The golden age of San Francisco football was one thing, but the blood-red 49ers of 2010 are going to be a different creature entirely.
In the 80's, the 49ers knew this: their offense was a pass-based approach more ahead of its time than the personal computer, and their defense would sting you like angry hornets. Their special teams, however, were never much beyond average for the NFL.
In the 90's, the balance stayed the same. Steve Young and Jerry Rice would run wild on teams, and the defense would beat them senseless, but the special teams would never yield much more than returns to the 25 yard-line and solid punt and kickoff coverage.
Then the dark ages came, but I'm not here to talk about those. This article is about the return of returning.
I looked back on articles from the pasty couple months and stumbled across my pre-draft piece "49ers off season: 'returning' to glory ." Needless to say, many thoughts and ideas were terribly outdated. Several principles, however, still remain.
The problem addressed is the 49ers return game, epitomized in the fumbled reverse attempt against Seattle. The solutions: trading, drafting, and signing free agents.
The 49ers have now done all three, but with none of the names I mentioned back in February.
I was thinking Sproles, Hester, Jackson, Washington, Spiller, and Best. I'm now looking at Ted Ginn Jr, Kyle Williams, and Leroy Vann. They traded a fifth-round pick for Ginn, used a sixth-round pick on Williams, and signed Vann as an undrafted rookie free agent.
Ginn, the only one with NFL experience here, hasn't quite lived up to the hype he got as the ninth overall pick in 2007.
If you look at Ginn's highlights from Ohio State, however, you'll know that's asking a lot. He also brings a deep-ball threat with his speed and stature, and had a good return or two with the Dolphins.
Kyle Williams returned kicks at Arizona State, but his offensive abilities overshadow his return game and the 49ers figure to be incorporating him at slot receiver.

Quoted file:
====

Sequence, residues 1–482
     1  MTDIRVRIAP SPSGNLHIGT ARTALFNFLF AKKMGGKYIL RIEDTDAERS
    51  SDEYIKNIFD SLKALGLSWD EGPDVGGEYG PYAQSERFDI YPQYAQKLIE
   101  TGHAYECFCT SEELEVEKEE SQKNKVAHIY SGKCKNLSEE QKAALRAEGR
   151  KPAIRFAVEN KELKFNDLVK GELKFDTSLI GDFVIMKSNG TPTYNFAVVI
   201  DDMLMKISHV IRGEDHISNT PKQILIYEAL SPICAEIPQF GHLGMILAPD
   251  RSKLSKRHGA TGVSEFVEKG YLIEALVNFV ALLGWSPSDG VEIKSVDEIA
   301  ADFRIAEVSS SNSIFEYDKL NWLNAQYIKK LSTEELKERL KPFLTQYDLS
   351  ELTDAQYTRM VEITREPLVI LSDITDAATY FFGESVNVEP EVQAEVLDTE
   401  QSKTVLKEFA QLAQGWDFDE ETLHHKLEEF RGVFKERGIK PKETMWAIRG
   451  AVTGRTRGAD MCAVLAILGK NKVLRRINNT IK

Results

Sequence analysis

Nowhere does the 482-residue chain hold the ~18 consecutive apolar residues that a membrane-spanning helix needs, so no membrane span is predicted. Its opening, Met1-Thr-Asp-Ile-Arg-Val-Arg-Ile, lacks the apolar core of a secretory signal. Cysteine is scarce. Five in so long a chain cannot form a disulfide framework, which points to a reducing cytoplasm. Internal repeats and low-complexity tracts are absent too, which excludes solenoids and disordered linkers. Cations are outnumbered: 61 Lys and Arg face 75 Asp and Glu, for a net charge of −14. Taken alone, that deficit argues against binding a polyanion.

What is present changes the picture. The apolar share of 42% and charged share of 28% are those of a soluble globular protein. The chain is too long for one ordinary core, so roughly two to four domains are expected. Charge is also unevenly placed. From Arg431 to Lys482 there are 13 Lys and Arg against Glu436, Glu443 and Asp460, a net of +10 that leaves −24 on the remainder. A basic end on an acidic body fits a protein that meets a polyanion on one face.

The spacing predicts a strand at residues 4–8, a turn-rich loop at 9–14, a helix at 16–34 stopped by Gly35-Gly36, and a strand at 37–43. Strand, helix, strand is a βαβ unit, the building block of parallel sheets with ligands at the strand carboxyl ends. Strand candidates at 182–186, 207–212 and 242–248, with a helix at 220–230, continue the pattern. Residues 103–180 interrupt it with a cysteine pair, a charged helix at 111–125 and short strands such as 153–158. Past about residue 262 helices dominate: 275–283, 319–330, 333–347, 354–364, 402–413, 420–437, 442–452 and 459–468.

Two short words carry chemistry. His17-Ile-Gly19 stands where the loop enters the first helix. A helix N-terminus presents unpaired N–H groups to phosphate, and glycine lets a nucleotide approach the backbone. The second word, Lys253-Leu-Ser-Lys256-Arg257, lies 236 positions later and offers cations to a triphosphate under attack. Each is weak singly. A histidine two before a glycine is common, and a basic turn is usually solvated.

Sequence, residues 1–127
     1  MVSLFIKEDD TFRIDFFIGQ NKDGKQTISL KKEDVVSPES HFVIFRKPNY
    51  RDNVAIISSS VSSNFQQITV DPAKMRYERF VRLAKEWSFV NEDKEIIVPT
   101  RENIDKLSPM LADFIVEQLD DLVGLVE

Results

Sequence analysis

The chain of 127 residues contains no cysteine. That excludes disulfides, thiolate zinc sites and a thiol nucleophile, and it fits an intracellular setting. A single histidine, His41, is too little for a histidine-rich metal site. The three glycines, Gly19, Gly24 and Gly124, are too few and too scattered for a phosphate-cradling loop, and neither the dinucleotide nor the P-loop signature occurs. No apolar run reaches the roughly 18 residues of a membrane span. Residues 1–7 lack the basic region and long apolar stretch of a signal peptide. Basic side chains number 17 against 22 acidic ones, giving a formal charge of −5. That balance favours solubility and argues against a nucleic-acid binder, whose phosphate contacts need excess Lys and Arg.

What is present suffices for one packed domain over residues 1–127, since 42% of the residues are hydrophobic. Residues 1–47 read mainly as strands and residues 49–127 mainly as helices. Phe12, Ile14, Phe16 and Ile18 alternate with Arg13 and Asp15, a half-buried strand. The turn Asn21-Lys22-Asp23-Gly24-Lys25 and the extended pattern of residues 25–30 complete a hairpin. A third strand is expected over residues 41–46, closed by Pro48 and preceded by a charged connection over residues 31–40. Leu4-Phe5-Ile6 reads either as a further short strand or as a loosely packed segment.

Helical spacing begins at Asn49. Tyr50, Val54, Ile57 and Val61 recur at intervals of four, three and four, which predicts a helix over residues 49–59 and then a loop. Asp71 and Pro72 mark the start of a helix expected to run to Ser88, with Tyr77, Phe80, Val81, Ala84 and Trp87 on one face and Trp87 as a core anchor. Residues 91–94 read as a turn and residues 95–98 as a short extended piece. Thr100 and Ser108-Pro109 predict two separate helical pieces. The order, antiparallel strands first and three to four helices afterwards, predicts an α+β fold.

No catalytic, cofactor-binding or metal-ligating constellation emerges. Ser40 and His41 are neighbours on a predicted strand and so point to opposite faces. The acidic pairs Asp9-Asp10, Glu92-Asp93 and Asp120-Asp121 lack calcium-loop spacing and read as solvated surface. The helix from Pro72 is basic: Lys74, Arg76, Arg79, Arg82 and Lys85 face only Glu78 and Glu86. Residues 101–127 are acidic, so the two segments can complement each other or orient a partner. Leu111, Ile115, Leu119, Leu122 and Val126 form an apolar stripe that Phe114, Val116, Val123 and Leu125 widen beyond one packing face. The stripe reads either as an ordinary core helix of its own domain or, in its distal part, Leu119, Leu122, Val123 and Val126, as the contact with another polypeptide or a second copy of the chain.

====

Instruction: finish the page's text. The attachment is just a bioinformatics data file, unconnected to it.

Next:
The former Sun Devil plays a tough game and could pose problems for defenses paying too much attention to Vernon Davis, Michael Crabtree, Ginn Jr, and of course Frank Gore. It's looking less and less as if Williams will be a factor in the return game, however.
But the guy you might not have heard of here is Leroy Vann. His highlight reel is essentially the opposite of Kyle's; it features return after return after return—culminating in six points a pop.
It's not Vann's speed that make this possible; he (only) runs a 4.59 40. Rather, he secures the ball, reads the gunners, finds seams, makes the cut and keeps his feet moving to stay up when he receives contact—if he receives contact.
Vann, at 5'9" and 180 pounds, has a stature that fits well as a return man specifically, but he'd have a difficult time covering any NFL receiver. He's a compact target who knows where he's going—the end zone. Having faced limited competition at
Vann Comes in with a good shot at making the team, Williams has an inside track, and Ginn Jr. id pretty much a lock to be on the roster. But as Singletary says, "Iron sharpens iron" so let the return games begin.
It will be exciting if the 49ers return game becomes a factor, as it has been a weak link for them on special teams historically.
Special teams can be a constant, like kicking field goals; or it can be a game-breaker, like running one back. In offense vs. defensive stalemates, it's often the deciding factor.
After all, you need to win two of the following three facets to win a football game: offense, defense, special teams. Win one, you'll probably lose. Win two, you'll probably win. Win three, you'll probably dominate.
We could be looking at a 49ers team that will push you back on defense, run you over on offense, and break your spirit with special teams.
Can you smell that? It's the brash swagger of a team returning to glory—and it smells good.
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